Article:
As Bondings 2.0 reported yesterday, more than 250 theologians, church leaders, writers, and scholars have endorsed a statement calling for Catholics to support LGBTQ non-discrimination protections.
Today’s post features commentary from some endorsers about why they signed and what is important about this statement for our historical moment.
Entitled “A Home for All: A Catholic Call for LGBTQ Non-Discrimination,” the statement was released by New Ways Ministry (more details on the content are available here). National Catholic Reporter offered insights into the support for this statement, including a statement from Francis DeBernardo, New Ways Ministry’s executive director:
“‘Our reading of Catholic doctrine says Catholics should be supporting nondiscrimination, and it just seems so clear in all of the documents in the church about human dignity and equality and respect and social justice. . .The Catholic position is that it means everybody regardless of that person’s condition in life, and if it includes everybody, then it includes LGBT. It’s not a ‘pick and choose’ situation. It has to be universal.'”
NCR’s report included comment by several theologians who endorsed the statement:
“María Teresa Dávila, a professor in religious and theological studies at Merrimack College in North Andover, Massachusetts, told NCR that the New Ways Ministry statement opens up an important and necessary conversation that is grounded in the principle of human dignity.
“‘It’s grounded in Catholic social teaching. It honors the church as an institution that holds true for so many people and holds the truth about Christ and salvation for so many people. The statement honors all of that,’ said Dávila, who signed the statement.”
Steven Millies, who directs Catholic Theological Union’s Bernadin Center, observed:
“‘What I think really stands out about this statement is how carefully argued it is to make a very narrow but a very important point in that the civil law is not necessarily the place to argue the Christian position on human anthropology,’ he said.
“‘I think this has a lot of parallels to other problems we have,’ he said. ‘It’s certainly the case that the church can and should express a point of view about political and social questions, but it is also the case that in the end, the civil forum is not really the same as the ecclesiastical forum, nor should it be. And we know the church doesn’t want it to be because every appeal for religious liberty is an appeal to separate the ecclesiastical forum from the civil forum.'”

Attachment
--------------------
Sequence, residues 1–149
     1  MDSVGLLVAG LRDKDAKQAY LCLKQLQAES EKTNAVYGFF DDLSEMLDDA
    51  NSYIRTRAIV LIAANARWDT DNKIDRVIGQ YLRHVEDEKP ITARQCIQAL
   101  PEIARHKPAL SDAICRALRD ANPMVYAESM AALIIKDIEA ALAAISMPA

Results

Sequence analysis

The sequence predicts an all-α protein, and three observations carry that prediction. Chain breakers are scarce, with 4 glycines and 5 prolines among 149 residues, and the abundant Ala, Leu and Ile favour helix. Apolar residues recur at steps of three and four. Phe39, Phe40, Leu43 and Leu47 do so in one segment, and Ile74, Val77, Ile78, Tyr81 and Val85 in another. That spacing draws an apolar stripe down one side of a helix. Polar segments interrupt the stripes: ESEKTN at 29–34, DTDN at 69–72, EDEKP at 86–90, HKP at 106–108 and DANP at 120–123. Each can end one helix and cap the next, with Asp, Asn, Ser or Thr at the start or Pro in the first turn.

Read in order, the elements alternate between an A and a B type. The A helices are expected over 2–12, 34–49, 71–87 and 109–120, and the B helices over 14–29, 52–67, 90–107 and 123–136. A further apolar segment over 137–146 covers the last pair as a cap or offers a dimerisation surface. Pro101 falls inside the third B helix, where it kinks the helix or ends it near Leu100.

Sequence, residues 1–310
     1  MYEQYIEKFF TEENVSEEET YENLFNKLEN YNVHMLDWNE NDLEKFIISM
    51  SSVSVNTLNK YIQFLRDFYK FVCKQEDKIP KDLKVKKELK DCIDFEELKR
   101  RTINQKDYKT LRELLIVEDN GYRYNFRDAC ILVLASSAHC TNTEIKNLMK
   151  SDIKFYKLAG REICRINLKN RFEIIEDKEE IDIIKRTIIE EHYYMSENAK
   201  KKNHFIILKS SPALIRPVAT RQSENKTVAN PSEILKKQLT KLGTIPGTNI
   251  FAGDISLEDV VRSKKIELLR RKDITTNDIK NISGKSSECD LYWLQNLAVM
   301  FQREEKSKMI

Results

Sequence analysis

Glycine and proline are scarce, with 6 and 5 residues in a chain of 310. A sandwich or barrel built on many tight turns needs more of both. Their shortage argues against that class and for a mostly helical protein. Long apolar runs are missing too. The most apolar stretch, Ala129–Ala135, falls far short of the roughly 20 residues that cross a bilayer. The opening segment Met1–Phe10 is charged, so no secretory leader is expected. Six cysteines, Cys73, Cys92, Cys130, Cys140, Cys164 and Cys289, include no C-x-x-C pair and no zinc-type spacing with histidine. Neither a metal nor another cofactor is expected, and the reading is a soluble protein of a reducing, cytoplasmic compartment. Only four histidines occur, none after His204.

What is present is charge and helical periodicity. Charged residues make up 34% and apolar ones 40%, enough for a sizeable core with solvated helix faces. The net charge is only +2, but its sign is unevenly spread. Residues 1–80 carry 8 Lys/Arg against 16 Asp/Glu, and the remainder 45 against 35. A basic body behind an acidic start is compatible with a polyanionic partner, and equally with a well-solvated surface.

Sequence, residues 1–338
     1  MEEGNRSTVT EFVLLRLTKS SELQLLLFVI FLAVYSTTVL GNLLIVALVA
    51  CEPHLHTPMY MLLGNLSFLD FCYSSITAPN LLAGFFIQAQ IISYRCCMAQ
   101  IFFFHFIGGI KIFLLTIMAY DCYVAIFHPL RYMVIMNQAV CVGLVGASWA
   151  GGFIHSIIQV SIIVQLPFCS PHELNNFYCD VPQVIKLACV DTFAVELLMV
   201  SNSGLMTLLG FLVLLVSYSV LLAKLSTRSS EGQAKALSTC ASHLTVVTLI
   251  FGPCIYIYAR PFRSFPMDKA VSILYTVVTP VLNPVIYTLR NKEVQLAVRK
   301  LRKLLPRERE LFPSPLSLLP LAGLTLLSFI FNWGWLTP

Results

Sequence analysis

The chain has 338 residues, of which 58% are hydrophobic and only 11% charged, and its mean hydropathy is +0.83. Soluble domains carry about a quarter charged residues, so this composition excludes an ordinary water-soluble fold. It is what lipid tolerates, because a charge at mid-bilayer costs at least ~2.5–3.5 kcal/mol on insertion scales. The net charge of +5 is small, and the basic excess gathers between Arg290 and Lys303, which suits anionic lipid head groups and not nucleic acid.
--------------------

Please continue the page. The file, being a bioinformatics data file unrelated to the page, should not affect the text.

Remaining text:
Massimo Faggioli, a professor at Villanova University, called the statement “very balanced,” adding that given this is a longer term project, “there needs to be a conversion in terms of what methods we use to discuss these issues.” That conversation is necessary for the “cultural and intellectual survival of the Catholic Church, especially in the United States.”
DeBernardo commented in a separate statement:
“LGBTQ non-discrimination is being debated at all levels in our society, and the Catholic perspective on this issue is often misrepresented, even by some church leaders. Catholics who have studied and reflected deeply on this topic agree that non-discrimination is the most authentic Catholic position.”
Notable signatories include Bishop Thomas J. Gumbleton, retired auxiliary bishop for the Archdiocese of Detroit; Sister Helen Prejean, author of Dead Man Walking; Richard Rodriguez, author of Hunger of Memory; Garry Wills, author Lincoln at Gettysburg; Sister Simone Campbell, founder of “Nuns on the Bus”; Ron Hansen, author of Mariette in Ecstasy; Mary Gordon, author of Men and Angels; Gregory Maguire, author of Wicked.
Signatories from the academic world include some of the top names in Catholic theology: Rev. Bryan Massingale, Sister Margaret Farley, RSM, M. Shawn Copeland, Richard Gaillardetz, Sister Elizabeth Johnson, CSJ, Rev. Charles Curran, Maria Pilar Aquino, Sister Ilia Delio, Massimo Faggioli, and Rev. David Hollenbach, SJ.
Also signing are Mary McAleese, former President of Ireland; Miguel Diaz, former U.S. Ambassador to the Holy See; and Mary Novak, executive director of NETWORK, a national Catholic social justice lobby. (To view the full list of endorsers, click here.)
More than 50 Catholic organizations have endorsed the statement, including 35 communities of vowed women and men. These include Pax Christi USA, Association of U.S. Catholic Priests, Women’s Ordination Conference, Quixote Center, and NETWORK Lobby for Catholic Social Justice.
Going forward, the theological statement will also serve as the basis for an educational pamphlet on the Catholic case for LGBTQ non-discrimination which New Ways Ministry will publish in the fall. The publication will be available for Catholic parishes, schools, and other institutions to use as an education and discussion tool.
All Catholics are welcome to endorse the statement. If you would like to add your name to “A Home for All,” you can do so by clicking here. The deadline for endorsements is August 30, 2021 at 5:00 pm Eastern U.S. Time.